March 28, 2008
Telecom must front - EPMU
Telecom must front up with the money for proper pay and conditions for telecommunications workers, says the Engineering, Printing and Manufacturing Union’s Electrical and Communications Industry Council.
The council consists of electrical and telecommunications industry workers from around New Zealand and met this week in the shadow of a wage negotiation breakdown with Telecom contractor Downer EDI.
EPMU ElectroComms Industry Organiser Joe Gallagher says there has been very little change in Telecom’s attitude to infrastructure despite its promises.
“Our members are at the frontline of New Zealand’s broadband crisis and they are reporting that Telecom is still not providing the money needed to keep skilled workers in the country and that means there will be nobody to actually lay the fibre network and maintain the exchanges. It’s that simple.
“Our members can double their wages just by crossing the ditch but in the meantime Telecom has been playing contractors against each other to the point where they just don’t have the margins to pay staff properly.
“It’s all very well for Telecom to talk about how its new lines company Chorus is a step forward but so far our members have seen no more commitment to do what’s needed for decent broadband.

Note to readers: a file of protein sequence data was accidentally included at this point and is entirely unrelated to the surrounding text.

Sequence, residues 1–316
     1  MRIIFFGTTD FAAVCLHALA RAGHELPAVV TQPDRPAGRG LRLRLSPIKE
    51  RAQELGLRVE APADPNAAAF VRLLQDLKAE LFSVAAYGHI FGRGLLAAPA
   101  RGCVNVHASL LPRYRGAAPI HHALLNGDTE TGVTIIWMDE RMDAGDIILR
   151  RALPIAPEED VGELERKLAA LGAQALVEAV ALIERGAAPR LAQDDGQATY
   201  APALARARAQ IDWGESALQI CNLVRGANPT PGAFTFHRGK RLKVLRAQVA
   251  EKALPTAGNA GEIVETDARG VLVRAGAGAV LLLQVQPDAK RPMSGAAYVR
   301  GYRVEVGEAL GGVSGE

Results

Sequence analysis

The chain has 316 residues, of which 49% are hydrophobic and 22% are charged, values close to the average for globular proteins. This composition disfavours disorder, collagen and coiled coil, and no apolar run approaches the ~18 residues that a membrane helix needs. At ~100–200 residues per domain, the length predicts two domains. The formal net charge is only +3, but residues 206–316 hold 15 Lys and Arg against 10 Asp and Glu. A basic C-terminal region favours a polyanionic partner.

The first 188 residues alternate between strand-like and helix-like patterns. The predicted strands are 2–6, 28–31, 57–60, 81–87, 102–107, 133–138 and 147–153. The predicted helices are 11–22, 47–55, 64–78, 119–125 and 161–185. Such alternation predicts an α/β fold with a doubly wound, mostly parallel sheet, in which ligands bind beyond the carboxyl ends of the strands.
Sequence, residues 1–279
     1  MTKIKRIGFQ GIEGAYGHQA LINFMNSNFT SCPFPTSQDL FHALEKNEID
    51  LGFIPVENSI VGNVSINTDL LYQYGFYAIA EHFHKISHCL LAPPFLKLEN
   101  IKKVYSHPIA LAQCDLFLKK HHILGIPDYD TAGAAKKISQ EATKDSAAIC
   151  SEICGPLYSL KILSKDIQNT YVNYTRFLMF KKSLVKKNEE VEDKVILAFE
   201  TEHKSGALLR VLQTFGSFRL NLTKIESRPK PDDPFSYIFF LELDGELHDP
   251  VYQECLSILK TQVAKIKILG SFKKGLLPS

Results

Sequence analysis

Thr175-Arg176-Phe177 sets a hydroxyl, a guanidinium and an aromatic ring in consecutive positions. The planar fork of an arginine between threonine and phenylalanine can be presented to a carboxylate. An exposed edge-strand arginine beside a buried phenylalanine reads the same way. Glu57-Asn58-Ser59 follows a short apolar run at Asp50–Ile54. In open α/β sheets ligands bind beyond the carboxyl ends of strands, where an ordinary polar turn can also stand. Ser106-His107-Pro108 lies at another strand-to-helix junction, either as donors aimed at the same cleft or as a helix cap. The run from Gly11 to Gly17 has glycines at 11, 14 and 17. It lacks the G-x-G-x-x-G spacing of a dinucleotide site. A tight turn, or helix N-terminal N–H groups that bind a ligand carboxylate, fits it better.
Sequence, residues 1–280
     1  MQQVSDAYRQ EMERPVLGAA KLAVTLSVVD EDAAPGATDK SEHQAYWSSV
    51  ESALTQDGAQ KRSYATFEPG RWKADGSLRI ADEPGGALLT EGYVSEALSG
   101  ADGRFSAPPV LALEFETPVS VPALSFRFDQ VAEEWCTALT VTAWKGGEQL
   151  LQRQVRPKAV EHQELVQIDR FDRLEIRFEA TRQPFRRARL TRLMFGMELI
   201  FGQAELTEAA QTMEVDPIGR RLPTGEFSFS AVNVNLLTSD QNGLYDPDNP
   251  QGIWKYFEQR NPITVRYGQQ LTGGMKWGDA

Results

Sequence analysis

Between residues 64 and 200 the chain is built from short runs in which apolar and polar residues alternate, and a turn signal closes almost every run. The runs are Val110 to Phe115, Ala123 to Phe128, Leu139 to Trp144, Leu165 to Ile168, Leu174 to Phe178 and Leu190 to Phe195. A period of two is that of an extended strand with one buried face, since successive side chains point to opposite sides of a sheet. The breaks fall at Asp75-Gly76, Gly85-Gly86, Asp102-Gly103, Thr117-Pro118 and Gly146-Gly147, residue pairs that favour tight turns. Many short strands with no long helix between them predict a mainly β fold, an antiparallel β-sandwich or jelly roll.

“This has got beyond a straight-forward wages issue and into an issue about the economic future of New Zealand. By refusing to pay the money for decent rates and conditions they are draining the country of the people we need to keep our telecommunications running.”
The EPMU represents five thousand workers in the Telecommunications and Electrical Infrastructure industries.
EPMU Electrical and Telecommunications Industry Council resolution:
ElectroComms Industry Council calls on Telecom and its CEO,
Paul Reynolds, to take serious steps to honour their
commitment to upgrade New Zealand’s high-speed broadband
infrastructure and ensure that the necessary skills to do so
are kept in the country by working with their contractors to
produce industry terms and conditions that properly reflect
the Australasian industry